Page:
Adders on the sunny side near Branton
During the recent heavy snow of the Beast from the East, adders were difficult to find. However, as soon as there was some respite, they could be spotted quite easily once more on the sunny side of the street!
Adder on south-facing woodland margin
Adders, like all snakes, are ectotherms. This means that they depend on external sources to regulate their body temperature. This is why you’ll see basking adders coiled up or stretched out in the sunshine, perhaps on warm soil or dark rock.
Adders typically emerge from hibernation in late February (I saw my first adder of 2018 on 23 February) to bask in the weak, late-winter sun. The common adder is remarkably well-adapted for life in colder northern climates and is capable of moving over snow to find a suitable basking place.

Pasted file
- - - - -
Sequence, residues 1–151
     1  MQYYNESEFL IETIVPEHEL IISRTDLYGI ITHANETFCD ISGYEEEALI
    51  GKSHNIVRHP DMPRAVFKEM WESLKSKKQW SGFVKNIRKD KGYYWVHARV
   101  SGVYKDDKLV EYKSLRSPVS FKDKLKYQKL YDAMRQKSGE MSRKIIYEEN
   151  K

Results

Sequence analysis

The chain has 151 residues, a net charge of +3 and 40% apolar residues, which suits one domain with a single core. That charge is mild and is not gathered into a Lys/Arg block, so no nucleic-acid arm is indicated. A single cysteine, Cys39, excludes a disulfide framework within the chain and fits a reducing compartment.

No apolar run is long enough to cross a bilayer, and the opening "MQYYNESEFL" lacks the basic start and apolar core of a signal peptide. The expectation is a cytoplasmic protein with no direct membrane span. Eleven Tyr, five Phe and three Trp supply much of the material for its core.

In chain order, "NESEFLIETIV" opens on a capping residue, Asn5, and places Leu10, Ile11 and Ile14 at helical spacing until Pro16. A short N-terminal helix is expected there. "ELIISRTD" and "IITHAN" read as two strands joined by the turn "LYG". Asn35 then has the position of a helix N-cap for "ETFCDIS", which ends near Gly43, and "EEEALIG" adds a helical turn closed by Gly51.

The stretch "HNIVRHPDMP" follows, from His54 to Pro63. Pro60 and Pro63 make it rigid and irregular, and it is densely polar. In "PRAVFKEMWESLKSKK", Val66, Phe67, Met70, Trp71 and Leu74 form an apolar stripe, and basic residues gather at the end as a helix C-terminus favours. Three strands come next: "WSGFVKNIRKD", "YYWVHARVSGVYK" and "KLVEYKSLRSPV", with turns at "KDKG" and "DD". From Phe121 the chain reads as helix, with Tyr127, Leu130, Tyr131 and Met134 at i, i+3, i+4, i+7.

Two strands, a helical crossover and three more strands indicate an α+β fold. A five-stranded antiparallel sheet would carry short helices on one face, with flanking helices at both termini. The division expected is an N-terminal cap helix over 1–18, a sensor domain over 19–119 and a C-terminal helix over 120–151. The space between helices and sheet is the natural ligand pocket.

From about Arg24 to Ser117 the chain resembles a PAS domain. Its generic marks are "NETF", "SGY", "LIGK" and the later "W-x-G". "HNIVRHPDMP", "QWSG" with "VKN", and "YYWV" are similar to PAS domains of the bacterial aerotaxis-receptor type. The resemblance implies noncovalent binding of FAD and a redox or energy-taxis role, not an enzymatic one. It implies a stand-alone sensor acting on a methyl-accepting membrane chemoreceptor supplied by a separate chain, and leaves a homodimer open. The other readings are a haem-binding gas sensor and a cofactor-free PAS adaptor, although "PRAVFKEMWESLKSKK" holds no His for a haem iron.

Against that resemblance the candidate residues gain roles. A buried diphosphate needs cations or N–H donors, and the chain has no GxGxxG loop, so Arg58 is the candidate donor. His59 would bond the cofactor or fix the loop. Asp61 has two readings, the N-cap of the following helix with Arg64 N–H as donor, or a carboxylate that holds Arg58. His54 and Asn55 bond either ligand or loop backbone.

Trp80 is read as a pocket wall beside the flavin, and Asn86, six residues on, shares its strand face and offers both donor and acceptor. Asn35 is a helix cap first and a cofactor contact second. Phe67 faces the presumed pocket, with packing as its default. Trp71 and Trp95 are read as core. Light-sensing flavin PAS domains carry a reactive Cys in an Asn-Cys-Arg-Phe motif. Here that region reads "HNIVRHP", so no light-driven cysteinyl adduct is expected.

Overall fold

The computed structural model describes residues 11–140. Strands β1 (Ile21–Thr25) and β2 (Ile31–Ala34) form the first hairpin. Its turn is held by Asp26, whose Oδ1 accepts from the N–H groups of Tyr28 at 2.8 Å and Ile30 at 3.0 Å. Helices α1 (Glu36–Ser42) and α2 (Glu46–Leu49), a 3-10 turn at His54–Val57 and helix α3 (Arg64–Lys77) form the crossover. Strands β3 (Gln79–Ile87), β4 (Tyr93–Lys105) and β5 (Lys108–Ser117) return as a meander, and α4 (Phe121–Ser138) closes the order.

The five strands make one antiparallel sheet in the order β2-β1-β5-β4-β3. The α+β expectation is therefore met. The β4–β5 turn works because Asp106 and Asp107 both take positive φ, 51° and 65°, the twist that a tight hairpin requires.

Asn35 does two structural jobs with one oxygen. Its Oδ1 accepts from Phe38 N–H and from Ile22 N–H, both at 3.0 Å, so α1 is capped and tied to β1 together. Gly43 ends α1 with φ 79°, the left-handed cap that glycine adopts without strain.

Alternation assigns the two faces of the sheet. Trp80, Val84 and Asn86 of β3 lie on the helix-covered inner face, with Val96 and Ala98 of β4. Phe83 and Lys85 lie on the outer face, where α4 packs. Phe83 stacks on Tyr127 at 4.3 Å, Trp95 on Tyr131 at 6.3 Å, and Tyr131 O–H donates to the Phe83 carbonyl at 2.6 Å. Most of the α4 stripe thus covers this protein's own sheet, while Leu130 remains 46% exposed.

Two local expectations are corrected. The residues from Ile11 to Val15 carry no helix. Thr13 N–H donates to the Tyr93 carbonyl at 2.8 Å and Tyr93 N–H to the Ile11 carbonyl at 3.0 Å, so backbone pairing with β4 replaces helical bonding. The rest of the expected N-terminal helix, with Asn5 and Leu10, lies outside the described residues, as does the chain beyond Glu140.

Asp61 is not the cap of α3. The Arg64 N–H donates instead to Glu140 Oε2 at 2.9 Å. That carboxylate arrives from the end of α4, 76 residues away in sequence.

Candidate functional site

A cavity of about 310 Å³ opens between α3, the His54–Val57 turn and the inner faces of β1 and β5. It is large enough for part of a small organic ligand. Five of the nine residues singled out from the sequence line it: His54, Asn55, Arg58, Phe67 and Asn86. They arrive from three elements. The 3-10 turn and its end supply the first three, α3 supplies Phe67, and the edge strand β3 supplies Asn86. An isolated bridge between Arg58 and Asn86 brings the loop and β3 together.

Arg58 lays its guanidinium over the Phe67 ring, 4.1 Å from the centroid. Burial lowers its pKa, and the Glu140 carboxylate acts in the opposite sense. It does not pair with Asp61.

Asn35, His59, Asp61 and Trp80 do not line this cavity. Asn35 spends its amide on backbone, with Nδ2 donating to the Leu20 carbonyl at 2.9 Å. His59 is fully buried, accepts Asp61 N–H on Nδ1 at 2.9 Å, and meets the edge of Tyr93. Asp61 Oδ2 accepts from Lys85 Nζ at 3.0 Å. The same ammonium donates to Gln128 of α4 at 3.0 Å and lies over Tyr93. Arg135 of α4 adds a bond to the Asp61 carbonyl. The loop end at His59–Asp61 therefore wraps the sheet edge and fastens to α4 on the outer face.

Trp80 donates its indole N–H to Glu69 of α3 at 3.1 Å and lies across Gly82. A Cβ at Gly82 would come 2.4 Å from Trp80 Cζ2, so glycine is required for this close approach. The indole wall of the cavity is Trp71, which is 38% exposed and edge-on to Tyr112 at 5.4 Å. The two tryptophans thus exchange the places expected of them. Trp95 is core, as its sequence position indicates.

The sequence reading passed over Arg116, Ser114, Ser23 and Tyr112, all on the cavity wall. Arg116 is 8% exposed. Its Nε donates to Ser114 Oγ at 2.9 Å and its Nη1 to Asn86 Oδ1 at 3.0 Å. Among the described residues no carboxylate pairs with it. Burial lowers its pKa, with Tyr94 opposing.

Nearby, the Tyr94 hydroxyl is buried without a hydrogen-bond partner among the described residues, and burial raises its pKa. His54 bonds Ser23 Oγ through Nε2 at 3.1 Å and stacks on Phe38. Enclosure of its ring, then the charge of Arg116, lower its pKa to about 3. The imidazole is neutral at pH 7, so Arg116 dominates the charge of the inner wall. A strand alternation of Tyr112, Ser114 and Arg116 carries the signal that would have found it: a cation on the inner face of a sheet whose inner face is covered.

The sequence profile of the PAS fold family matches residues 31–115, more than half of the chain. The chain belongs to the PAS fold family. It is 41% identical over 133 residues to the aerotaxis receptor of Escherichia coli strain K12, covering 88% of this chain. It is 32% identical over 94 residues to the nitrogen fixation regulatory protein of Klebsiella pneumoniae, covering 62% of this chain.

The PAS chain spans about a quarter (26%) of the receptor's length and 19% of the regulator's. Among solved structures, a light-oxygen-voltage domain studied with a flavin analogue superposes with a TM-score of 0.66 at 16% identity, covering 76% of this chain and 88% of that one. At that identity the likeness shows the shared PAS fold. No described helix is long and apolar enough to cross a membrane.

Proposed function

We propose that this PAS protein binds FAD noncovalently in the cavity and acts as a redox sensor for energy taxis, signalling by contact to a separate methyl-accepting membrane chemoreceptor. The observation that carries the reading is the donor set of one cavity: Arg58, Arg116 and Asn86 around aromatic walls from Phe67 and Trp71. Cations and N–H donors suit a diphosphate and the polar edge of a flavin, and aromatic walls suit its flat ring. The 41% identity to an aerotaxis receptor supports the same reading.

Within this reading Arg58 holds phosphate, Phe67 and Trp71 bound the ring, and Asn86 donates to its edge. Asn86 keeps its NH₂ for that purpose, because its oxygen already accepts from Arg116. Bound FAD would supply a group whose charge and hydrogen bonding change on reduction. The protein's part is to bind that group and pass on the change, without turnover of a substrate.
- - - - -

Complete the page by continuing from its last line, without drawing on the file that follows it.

They are frequently associated with woodland-edge habitats and this is particularly obvious at the Branton Nature Conservation Area, where they can typically be spotted around the Reserve’s margins near the car park entrance along the road to Branton. The photo below (taken 11 March 2018) shows how remains of snow from the Siberian Bear persists along the north-facing side of the road, while the south-facing strip is free of snow. And, of course, this is where the adders bask.
Snow-covered north-facing margin and warm south-facing margins along road to Branton